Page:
Dirs/prods. Bentley Dean, Martin Butler. Aus-Vanuatu, 104 mins.
They wear grass skirts and penis shields and eschew Western influences but more importantly for this film, it transpires that the little-known people of Yakel, a village in Tanna (a small island in the South Pacific archipelago of Vanuatu), are natural-born actors. In fact, their enthusiastic story-telling and nicely-moderated performances are quite remarkable, and should elevate Tanna past being an ethnographic curio into niche festival play and perhaps even select arthouse, depending on whether buyers respond to the tribe’s appealing purity.
Tanna fields magnificent levels of unselfconscious nudity, and the Yakel are an impressively fit and healthy tribe,
In Tanna, the Yakel give a sprightly rendition of their own true story which has the ring of Romeo And Juliet about it but is never predictable – although admittedly the film runs into South Sea longeurs at 104 minutes and could accommodate some trims. Rolf De Heer’s Ten Canoes is clearly an an antecedent. Viewers may come for the Vanuatu vistas (of which there are many), but will leave having experienced the ages-old skill of tribal storytelling expertly communicated through a modern medium.
World premiering in Venice’s Critic’s Week sidebar, Tanna is drawn from and in the tribe’s real, everyday life. Spoken in the Nauvhal tongue, the film is completely cast from non-actors – in fact all the principals lead an otherwise traditional life. Two story threads are set on a collision course: tomboyish young Selin (Rofit) is taken by her grandfather, who is also the tribe’s Shaman, to the active volcano Yahul, whom they regard as their Earth mother, to learn respect. Meanwhile, Selin’s older sister, the beautiful Wawa, falls in love with the Chief’s orphaned grandson Dain.
When Selin’s grandfather is attacked by rival tribe the Imedin, hostilities break out. Peace is brokered by offering to marry Wawa off to the Imedin, who killed Dain’s parents, and this leads to events which will change the tribe’s spiritual rules, the kastom, forever.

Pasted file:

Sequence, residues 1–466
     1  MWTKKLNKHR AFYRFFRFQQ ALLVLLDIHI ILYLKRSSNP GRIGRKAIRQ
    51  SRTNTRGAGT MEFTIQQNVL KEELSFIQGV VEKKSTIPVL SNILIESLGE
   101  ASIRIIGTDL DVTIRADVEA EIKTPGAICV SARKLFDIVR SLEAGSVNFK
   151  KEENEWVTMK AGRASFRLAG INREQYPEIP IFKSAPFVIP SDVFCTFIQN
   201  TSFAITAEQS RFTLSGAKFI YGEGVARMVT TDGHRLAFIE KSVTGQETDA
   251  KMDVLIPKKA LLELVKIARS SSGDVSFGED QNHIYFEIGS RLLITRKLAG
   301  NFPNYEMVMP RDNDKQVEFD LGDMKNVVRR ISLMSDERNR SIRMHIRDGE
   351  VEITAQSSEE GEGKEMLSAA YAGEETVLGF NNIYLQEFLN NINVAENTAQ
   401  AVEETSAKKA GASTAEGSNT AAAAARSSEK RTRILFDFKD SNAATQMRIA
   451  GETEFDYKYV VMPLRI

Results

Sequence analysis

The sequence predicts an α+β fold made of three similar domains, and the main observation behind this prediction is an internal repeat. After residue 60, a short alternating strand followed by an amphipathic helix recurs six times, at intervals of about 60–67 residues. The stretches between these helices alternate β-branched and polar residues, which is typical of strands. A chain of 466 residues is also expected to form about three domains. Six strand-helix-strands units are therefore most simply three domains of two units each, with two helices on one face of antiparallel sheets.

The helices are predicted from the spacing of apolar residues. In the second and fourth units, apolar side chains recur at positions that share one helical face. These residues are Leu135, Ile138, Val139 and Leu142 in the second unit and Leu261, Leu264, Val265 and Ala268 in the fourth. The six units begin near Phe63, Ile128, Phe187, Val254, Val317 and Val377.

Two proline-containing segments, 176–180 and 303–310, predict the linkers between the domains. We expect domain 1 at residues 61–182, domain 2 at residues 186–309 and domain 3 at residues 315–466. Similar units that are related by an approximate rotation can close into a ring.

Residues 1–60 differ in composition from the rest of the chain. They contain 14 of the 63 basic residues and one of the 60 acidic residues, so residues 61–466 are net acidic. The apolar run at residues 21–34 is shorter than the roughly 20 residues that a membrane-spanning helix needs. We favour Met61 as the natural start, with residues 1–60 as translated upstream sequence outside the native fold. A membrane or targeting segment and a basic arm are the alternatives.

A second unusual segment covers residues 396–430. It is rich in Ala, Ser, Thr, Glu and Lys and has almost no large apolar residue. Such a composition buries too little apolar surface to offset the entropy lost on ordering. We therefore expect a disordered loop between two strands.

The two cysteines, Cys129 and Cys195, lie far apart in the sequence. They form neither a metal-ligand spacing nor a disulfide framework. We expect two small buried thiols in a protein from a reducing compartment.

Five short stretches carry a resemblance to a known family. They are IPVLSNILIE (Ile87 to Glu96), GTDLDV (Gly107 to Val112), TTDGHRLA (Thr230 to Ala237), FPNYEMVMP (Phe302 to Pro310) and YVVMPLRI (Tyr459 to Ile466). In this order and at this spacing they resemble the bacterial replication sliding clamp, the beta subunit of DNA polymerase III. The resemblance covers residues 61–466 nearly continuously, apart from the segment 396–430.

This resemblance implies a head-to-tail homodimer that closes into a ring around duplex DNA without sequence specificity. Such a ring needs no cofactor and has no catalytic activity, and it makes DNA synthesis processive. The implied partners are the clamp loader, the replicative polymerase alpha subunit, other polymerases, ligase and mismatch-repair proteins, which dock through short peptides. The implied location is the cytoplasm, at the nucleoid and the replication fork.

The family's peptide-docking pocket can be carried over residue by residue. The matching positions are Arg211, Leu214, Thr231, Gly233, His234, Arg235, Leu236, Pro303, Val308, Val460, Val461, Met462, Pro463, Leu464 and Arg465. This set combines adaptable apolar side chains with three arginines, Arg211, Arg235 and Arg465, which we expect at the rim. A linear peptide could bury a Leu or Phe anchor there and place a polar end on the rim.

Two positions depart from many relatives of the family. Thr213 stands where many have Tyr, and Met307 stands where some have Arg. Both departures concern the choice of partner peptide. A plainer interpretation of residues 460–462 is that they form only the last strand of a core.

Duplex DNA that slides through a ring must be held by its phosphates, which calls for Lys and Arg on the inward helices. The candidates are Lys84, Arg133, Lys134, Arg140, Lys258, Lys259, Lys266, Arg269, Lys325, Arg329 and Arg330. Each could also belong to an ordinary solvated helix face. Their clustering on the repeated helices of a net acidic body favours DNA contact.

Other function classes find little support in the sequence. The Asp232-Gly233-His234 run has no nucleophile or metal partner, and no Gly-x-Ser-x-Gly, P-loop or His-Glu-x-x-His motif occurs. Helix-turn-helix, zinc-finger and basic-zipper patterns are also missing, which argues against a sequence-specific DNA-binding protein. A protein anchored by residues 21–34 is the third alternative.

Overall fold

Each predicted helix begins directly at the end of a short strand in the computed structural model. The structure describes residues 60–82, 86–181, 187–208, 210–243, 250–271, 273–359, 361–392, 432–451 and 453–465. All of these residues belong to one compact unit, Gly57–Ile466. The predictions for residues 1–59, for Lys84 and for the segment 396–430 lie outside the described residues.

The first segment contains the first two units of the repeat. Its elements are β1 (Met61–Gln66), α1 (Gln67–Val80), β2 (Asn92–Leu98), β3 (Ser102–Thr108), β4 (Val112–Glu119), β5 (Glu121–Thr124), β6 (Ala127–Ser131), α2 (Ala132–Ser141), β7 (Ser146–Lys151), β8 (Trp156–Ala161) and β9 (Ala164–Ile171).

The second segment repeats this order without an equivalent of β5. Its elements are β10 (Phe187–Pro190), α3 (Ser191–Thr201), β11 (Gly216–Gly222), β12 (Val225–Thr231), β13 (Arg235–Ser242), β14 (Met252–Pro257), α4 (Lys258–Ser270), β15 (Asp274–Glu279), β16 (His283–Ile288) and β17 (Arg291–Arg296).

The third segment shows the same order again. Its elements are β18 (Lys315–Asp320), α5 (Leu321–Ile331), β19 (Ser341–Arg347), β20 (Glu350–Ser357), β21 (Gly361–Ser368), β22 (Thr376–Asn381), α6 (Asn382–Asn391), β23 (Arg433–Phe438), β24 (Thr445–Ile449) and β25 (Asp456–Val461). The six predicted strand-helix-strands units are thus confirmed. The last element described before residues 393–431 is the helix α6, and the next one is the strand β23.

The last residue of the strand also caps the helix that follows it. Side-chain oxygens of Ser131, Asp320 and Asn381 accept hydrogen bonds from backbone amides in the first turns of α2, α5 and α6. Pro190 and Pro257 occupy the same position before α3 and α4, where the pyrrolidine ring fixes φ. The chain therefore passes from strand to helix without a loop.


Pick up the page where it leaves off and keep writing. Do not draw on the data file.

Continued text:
Producer-directors Martin Butler and Bentley Dean are accomplished Australian documentarians who reach high here for a meld of drama and reality which is very tricky to accomplish. Were it not for the abilities of the Yakel as natural born storytellers, Tanna might have been a different prospect. But the film is visually and culturally rich. The island of Tanna runs from tropical rainforest through to beautiful beaches and the arresting ash plain which surrounds the belching orange volcano Yahul. It’s a beautiful odyssey with strong spiritual undertones.
As a footnote, Tanna fields magnificent levels of unselfconscious nudity, and the Yakel are an impressively fit and healthy tribe, setting off across the rainforest at quite a clip for the film-makers to follow. The younger actors are bright and engaging, but the proud tribal elders also don’t hesitate to give Dean and Butler their full co-operation in bravely sending their story and way of life out across the world.
Production companies: Screen Australia, Contact Films
International sales: Visit Films, firstname.lastname@example.org
Producers: Martin Butler, Bentley Dean, Carolyn Johnson
Scr. Bentley Dean, Martin Butler, John Collee, in collaboration with the people of Yakel
Cinematographer: Bentley Dean
Sound: Martin Butler
Editor: Tania Michel Nehme
Cultural director: JJ Nako
Main cast: Mundau Dain, Marie Wawa. Marceline Rofit, Chief Charlie Kahla, Albi Nangia, Lingai Kowia, Dadwa Mungau,